Stock Market

r/StockMarket – Is technical analysis science or pseudoscience? I wanted to find out. Sourced.

TL;DR – It looks like technical analysis doesn’t stand up to scientific scrutiny in any study I could find which took steps to filter out the effects of self fulfilling prophecy. I, personally, am choosing not to engage in it any further.

I was starting to learn technical analysis. However, I wasn’t getting any good results when backtesting (after I caught myself and took steps to stop myself from exerting my own confirmation bias on my tests). So I decided to try to dig into the science behind it to see if spending any further time studying it would be worth it.

I’m being careful here not to cherry pick data. The reason I’m focusing on the articles I’ve linked is because they are the ones that bothered to take into account and take steps to eliminate results skewed by self fulfilling prophecies and confirmation bias. Aside from the last one which I included because it was the most comprehensive one I could find.

I wanted to know if technical analysis actually works. I didn’t want anecdotal evidence. I wanted scientific evidence.

This is what I found.

This first bit of research is by far the easiest to understand as it isn’t written in scientific jargon. It’s not quite as scientific as the others and was done by one person who had the same questions I did.

They tested MACD, RSI, Bollinger Bands and Stochastic Oscillator.

They found that for all asset classes, with the exception of one, technical analysis had zero alpha. (No gains)

They were tested standalone and in combination with other indicators.

The only exception they found was Bitcoin, but they also threw in the side note that Bitcoin is primarily a retail driven asset and as retail investors believe in technical analysis it’s more likely that the combined buys and sells due to the belief in the indicators were causing the indicators to work and not the other way around.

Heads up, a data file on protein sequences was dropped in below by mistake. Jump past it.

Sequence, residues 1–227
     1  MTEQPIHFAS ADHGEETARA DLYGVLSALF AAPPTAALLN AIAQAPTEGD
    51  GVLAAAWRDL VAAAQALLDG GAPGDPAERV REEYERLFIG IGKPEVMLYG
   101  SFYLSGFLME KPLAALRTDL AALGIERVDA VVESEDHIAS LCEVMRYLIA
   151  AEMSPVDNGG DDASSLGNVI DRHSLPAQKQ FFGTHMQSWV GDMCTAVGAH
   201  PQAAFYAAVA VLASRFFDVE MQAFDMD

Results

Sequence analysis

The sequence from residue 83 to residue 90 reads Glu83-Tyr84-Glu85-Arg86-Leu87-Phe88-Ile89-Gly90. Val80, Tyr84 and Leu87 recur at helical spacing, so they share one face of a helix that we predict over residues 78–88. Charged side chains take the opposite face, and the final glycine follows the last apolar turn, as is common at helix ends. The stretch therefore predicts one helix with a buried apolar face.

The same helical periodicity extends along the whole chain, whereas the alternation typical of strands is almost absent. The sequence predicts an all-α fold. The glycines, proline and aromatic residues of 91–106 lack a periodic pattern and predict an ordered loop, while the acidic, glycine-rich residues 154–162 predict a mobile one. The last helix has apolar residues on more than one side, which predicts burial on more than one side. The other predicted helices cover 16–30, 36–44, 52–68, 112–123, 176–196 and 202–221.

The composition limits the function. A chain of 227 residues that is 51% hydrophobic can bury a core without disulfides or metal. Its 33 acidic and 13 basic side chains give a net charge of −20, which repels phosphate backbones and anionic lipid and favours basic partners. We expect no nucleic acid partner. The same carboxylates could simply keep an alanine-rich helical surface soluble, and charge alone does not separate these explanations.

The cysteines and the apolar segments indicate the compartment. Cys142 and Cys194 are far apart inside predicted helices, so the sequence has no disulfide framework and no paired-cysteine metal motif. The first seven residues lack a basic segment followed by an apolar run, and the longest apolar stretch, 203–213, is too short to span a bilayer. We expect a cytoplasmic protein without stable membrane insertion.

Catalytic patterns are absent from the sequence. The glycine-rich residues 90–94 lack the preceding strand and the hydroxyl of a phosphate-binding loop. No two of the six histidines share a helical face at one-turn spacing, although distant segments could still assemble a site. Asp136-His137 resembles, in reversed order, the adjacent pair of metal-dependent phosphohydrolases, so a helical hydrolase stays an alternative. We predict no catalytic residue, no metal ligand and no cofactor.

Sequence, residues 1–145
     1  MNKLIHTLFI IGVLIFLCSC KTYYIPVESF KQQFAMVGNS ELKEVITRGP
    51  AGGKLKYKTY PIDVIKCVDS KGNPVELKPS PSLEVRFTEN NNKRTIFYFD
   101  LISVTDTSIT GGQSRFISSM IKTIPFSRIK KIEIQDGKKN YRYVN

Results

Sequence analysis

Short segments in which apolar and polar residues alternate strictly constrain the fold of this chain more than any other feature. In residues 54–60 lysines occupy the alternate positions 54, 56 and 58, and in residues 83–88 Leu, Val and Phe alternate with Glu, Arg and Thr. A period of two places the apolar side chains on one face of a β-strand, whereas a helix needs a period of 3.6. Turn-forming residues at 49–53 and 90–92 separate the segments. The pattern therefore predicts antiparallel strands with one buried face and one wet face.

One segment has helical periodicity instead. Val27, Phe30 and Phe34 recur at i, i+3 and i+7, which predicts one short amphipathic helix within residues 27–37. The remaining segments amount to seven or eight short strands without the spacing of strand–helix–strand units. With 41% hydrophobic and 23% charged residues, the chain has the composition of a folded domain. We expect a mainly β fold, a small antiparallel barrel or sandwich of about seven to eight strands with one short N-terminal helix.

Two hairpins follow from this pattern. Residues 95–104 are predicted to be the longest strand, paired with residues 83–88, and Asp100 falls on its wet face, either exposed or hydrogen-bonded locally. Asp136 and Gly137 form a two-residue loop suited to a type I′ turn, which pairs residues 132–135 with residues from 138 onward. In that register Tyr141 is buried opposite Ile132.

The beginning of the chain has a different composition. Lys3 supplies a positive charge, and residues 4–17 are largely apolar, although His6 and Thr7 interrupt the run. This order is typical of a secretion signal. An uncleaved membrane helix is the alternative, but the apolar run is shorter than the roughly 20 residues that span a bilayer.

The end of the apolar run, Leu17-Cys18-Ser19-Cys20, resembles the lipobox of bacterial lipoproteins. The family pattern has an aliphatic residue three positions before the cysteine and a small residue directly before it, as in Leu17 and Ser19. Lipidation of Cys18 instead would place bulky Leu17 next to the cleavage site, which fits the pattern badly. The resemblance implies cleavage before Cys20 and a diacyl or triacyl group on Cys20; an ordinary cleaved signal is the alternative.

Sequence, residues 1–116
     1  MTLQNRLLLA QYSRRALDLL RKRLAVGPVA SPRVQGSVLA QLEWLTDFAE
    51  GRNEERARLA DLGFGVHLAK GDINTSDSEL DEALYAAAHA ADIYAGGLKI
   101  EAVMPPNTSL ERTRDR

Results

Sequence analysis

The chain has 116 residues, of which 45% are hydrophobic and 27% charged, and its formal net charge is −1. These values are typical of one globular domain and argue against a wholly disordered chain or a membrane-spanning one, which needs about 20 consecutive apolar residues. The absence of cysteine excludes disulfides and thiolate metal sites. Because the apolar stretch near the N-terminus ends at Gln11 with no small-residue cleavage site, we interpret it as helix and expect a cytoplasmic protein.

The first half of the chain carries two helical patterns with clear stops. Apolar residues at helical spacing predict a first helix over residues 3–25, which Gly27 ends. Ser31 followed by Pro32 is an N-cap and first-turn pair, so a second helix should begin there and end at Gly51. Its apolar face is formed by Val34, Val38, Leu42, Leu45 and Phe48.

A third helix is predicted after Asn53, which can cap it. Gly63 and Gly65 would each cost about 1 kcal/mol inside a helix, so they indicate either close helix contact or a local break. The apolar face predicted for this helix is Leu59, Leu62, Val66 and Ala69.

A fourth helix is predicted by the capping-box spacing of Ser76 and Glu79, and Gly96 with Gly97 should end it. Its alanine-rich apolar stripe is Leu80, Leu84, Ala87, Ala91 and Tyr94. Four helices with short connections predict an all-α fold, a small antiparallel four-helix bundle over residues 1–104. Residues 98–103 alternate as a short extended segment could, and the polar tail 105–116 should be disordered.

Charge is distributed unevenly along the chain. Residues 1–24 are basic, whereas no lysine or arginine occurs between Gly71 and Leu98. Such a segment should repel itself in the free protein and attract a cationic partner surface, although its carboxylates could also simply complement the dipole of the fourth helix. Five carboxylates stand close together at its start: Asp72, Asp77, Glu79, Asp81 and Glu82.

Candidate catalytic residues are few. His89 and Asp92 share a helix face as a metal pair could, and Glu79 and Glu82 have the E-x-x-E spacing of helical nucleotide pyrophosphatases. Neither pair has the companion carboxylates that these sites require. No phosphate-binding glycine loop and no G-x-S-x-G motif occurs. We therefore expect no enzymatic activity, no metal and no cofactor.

However they did point out that, seemingly ironically, reversing filtered indicators had some slight positive alpha for non Bitcoin asset types.

They did mention they would have to test a much larger sample set to see if the Bitcoin alpha or the indicator reversal alpha with other asset classes would hold up.

But the correlation for other asset classes was so slight they acknowledged it wouldn’t be profitable.

Let’s look at another study. Now we’re getting really scientific and busting out mathematical equations with symbols that most of us can’t even read.

They tested out some popular candlestick patterns on a market in Thailand over a 100 year period (they picked Thailand emerging markets to avoid the issue of data snooping). They tested the candlesticks along with Stochastics, RSI and MFI. They tested a number of different holding periods as well.

They found that the candlestick patterns were not statistically significant and would not result in positive returns even when combined with other indicators.

Let’s look at yet another study. This one contains a bit of a case study but they do their own work to draw their own conclusions.

This one is the only one that focused at all on resistance. They basically determine that the probability of bouncing correlates with the growth of the investors trust on following bounces. Essentially, it is a self fulfilling prophecy and the resistance lines only form because of the investors growing trust in the probability of a bounce.

The following is this real gem here.

It’s really long. It’s really comprehensive. Though the authors do note their own results are inconclusive and this is more of a discussion starter. They did find a few actual positive correlations between certain samples, however they also did note that they were only reproducible during certain time spans.

I will wager my own best guess that the historical time spans where they did work were most likely the time spans where those methods were most frequently being used in those markets and could potentially be explained away as self fulfilling prophecies since as far as I could tell this is the one study I listed where they didn’t necessarily use criteria that would exclude that bias from the results.

What will I gain from the hours of reading I just did on these topics? I will conclude that technical analysis is not something which I will personally put any more time into learning. I think any of the proven correlations which I could find were not significant enough to result in gains, especially after taking slippage and brokerage fees into account. Furthermore, the methods which did have a positive correlation only seemed to be effective during certain historical times or in domains ruled by retail traders due to the self fulfilling prophecy.

In addition, quite a bit of information in some of these studies showed that all of those indicators were outperformed by simple buy and hold strategies.

I’m sure that more than a few people will disagree with me here. But these are my own conclusions. Take from it what you will.

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